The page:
A good technique to speed up the grease removal process is to use a hairdryer in between coats of the Liquid Leather Degreaser. If the leather is saturated with the product, applying moderate heat will quicken the evaporation rate and, as it does so, will in essence ‘suck’ the grease to the surface of the leather where you can wipe it away with the next application of the Liquid Leather Degreaser while repeating the process until all the grease has gone. I am not sure exactly how it works but it’s something to do with (2 spaces)vapour pressure, molecular energy and evaporation rate, along with some other science stuff. 

Watch the video

 


Leather Degreaser -
Our paste degreaser is traditionally used on heavily contaminated greasy leathers. But with the method outlined above with the Liquid Leather Degreaser, I personally like to use that technique in conjunction with the paste Leather Degreaser on pigmented leather. Because the grease soaks into the leather and spreads outwards, you will need to determine the size of the affected area. The paste degreaser can show you this. To speed up the whole degreasing process, I like to strip back the old coatings with our Leather Prep. This exposes more of the aniline leather underneath and will allow more grease to be absorbed into the product.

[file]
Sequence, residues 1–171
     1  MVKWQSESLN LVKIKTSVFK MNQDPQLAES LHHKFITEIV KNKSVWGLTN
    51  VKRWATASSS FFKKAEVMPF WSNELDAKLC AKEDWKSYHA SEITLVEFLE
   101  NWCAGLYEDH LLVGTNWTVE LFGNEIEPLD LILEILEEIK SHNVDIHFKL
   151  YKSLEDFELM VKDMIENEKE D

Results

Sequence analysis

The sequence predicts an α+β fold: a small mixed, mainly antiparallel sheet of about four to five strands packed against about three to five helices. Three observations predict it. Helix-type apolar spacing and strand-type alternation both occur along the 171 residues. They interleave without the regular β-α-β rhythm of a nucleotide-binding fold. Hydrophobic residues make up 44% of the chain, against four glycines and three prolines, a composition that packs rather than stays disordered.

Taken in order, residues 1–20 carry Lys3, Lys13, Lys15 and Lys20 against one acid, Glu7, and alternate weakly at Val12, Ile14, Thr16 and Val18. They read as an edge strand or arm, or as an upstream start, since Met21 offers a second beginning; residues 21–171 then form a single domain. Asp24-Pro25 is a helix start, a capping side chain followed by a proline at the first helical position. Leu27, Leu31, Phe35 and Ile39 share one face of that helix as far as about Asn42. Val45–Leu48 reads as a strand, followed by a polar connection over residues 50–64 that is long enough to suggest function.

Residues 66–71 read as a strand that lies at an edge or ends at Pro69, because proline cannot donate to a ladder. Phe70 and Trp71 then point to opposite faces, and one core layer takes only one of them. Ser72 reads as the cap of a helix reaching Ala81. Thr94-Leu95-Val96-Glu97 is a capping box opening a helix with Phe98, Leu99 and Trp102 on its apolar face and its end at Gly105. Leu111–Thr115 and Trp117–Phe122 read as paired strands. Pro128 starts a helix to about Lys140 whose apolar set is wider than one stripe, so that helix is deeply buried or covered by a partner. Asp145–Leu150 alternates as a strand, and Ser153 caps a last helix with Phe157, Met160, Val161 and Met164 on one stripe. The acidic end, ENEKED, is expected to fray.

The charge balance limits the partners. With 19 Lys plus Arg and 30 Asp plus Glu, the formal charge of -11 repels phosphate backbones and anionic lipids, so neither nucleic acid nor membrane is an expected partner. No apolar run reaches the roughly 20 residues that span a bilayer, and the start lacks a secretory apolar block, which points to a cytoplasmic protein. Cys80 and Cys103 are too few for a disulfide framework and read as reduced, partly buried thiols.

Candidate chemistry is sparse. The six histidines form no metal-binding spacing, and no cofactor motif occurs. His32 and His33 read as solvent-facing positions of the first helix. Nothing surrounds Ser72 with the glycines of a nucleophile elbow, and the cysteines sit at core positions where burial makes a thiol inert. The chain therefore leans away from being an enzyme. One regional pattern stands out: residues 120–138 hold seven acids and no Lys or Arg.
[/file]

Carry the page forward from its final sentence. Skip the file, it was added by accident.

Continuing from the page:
I would strip back a larger area than what I can see is greasy, use the Liquid Leather Degreaser and hairdryer method and then apply the Leather Degreaser paste over the area which I have stripped back and leave to dry.

Once dried, you can assess the area. Look at where the powder has dried to a yellow colour compared to a lighter or whiter colour. If the yellow powder corresponds to where the pigmented coat was originally stripped back to, this will generally indicate that there may be more grease which is larger in diameter than what has been stripped back. The pigment which has not been removed is acting as a barrier preventing migration of the grease to the powder.

The Leather Degreaser is acting as a visual indicator as to the size of area which needs to be decontaminated. I will always repeat the process by first of all using the Leather Prep to strip back more of the pigmented coat. When the paste dries to a yellow powder within the diameter of the stripped back area, it’s fair to say that there is no more grease beyond the pigment which has not been stripped back. When this is the case, I continue to degrease only where the yellow powder remains.